24. How many times do you feed your dogs during the race?  While on the trail, I stop to give them a snack &/or water at least every 1.5-1.75 hours.  If it's warm, I stop much more often for them to dip for snow and roll around in the snow to cool off.  When I get to a checkpoint, I feed them as soon as we arrive.  I also leave snacks in their beds of straw while they rest, in case they get hungry.  And then, I feed them again before we leave the checkpoint.  

25. When did you start racing?  I did my first qualifying race for Iditarod in January 2014.  It was the Knik 200.  The rest of my qualifiers were done in January 2015: Copper Basin 300, Kusko 300 and Northern Lights 300

26. How do you have fun with your dogs at home? on the trail?  My dogs love to have time out of the dog yard to run free.  I own 40 swampy acres, so we enjoy going for walks together.  I have taken up to 14 dogs out at the same time; however, I usually only take 4 or 5.  Some of my dogs really like to come in the house.  Some like to chew on bones, some like squeaky toys.  Some like to hunt mice and ermine.  Some are great snugglers.  Some like to be brushed (some hate it!). They all love to be pet. 

When we're racing, they still love to be talked to and petted.  And, they like to have their muscles rubbed.  I also sing to them while they're running.  It perks them up, and I think it often they start to trot a little faster.

27. How many dogs do you have? 


28. Have you won at the race before?  

No, this was our first attempt at Iditarod.  Our goal was to finish in Nome with a happy and healthy dog team.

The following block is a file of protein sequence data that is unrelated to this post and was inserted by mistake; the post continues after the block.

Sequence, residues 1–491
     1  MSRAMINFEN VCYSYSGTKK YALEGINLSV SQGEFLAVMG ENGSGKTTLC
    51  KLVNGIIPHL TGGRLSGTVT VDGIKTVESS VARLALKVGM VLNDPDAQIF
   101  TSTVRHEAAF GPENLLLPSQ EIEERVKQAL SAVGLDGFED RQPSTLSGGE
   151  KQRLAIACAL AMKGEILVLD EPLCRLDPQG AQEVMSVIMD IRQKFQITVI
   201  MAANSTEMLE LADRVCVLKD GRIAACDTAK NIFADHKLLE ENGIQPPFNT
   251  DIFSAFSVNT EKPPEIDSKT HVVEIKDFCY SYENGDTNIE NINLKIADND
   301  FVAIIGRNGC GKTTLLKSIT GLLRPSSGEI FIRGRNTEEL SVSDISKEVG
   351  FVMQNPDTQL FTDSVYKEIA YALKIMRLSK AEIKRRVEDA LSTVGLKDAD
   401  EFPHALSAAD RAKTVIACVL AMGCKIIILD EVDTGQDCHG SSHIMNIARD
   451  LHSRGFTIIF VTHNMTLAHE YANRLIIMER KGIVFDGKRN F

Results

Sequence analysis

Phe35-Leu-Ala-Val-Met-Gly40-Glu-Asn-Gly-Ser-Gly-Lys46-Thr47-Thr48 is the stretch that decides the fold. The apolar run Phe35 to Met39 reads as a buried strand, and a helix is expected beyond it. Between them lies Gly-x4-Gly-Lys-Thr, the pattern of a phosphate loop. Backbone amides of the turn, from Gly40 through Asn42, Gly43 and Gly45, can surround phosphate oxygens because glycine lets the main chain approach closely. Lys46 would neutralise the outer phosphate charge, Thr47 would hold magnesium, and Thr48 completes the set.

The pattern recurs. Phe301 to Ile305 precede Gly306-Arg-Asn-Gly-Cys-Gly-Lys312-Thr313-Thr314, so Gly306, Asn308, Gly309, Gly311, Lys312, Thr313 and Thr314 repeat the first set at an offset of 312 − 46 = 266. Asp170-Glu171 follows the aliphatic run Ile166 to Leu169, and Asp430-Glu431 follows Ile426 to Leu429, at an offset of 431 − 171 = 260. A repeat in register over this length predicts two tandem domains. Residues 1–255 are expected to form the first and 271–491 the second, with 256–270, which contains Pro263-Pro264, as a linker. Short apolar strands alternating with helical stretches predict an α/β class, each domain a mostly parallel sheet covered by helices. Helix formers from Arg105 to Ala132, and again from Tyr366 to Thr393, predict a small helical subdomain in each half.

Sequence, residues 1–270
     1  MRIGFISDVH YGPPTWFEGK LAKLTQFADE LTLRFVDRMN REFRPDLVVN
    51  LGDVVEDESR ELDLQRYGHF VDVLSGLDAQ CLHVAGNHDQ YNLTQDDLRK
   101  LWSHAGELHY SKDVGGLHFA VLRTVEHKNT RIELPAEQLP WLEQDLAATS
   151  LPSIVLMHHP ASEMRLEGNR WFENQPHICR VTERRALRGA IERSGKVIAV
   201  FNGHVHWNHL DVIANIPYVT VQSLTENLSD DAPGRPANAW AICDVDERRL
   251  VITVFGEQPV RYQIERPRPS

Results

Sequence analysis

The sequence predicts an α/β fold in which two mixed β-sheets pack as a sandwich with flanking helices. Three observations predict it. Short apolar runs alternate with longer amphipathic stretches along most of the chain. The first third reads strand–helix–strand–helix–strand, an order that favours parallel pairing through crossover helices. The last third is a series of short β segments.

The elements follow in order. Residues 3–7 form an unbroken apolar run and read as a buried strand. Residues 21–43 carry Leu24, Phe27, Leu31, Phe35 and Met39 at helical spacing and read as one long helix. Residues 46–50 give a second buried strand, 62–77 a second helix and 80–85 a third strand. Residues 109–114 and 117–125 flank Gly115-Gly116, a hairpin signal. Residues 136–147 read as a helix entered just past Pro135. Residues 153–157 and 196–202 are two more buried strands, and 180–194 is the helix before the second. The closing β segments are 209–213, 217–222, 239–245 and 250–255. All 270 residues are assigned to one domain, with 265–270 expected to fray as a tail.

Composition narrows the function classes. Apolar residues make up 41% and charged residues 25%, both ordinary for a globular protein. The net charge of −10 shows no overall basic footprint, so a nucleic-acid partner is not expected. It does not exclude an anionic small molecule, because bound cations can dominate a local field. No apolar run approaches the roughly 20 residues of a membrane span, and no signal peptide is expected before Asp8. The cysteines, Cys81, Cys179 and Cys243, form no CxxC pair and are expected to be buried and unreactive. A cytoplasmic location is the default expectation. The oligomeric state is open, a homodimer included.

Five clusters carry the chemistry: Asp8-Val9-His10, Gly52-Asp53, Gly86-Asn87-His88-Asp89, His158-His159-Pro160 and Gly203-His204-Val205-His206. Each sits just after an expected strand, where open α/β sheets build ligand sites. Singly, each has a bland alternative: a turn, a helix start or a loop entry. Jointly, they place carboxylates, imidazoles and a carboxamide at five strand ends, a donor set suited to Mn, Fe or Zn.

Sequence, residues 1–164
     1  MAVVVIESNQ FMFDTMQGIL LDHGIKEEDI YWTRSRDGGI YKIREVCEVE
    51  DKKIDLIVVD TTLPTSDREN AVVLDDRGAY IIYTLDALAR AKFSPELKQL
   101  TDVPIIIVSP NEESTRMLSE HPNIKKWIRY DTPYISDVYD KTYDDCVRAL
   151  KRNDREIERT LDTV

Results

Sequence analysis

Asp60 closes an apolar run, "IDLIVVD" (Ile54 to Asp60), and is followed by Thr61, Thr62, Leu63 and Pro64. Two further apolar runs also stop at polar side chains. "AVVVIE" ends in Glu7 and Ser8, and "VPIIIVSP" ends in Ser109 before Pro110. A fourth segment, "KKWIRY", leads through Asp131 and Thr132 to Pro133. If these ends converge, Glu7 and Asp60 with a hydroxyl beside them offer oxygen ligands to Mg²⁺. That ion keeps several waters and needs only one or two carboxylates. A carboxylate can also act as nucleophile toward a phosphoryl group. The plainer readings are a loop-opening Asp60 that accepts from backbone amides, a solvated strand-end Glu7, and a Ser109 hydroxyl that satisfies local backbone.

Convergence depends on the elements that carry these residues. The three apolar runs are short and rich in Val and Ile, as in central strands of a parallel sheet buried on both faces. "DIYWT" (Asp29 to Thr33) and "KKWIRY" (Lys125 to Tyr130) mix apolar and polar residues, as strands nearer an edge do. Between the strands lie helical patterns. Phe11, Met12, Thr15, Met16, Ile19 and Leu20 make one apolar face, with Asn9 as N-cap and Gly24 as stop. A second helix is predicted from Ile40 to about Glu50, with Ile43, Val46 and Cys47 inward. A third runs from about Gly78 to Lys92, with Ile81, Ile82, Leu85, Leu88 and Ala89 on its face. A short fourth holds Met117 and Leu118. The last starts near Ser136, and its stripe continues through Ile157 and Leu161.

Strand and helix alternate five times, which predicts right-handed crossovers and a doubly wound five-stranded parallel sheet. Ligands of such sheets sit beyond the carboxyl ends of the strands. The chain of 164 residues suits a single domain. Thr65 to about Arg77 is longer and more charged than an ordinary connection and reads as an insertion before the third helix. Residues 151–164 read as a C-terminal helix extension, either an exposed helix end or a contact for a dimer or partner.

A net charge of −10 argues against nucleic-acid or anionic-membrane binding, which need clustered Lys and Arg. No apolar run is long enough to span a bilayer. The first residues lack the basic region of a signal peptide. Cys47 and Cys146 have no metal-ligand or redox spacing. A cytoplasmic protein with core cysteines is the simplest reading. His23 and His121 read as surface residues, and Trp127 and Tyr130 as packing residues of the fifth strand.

29. How old are your dogs?  

My dogs ages range between 10 months and 8 years

30. What makes you nervous about the race?

The unexpected weather conditions are what worries me the most.

31.  Who inspired you to run the Iditarod?

I worked in Skwentna at the checkpoint for the Iditarod for about 10 years.  During those years, I noticed the mushers were simply people, just like me.  Mushers were people who decided to dedicate their life to taking care of their dogs, learning how to drive the dogs, and training them to participate in a distance event.  All of the people who were choosing to race dogs inspired me to challenge myself to do something out of my comfort zone... run the Iditarod.

32. What was your strategy for this year?

As I was a rookie in the race, and my dogs were all inexperienced, we planned to run a very conservative race.  I trained my team to run <9 mph.  And, I planned to break all runs into <50 miles.  And then, rest as long as I ran (rounding up to the next hour).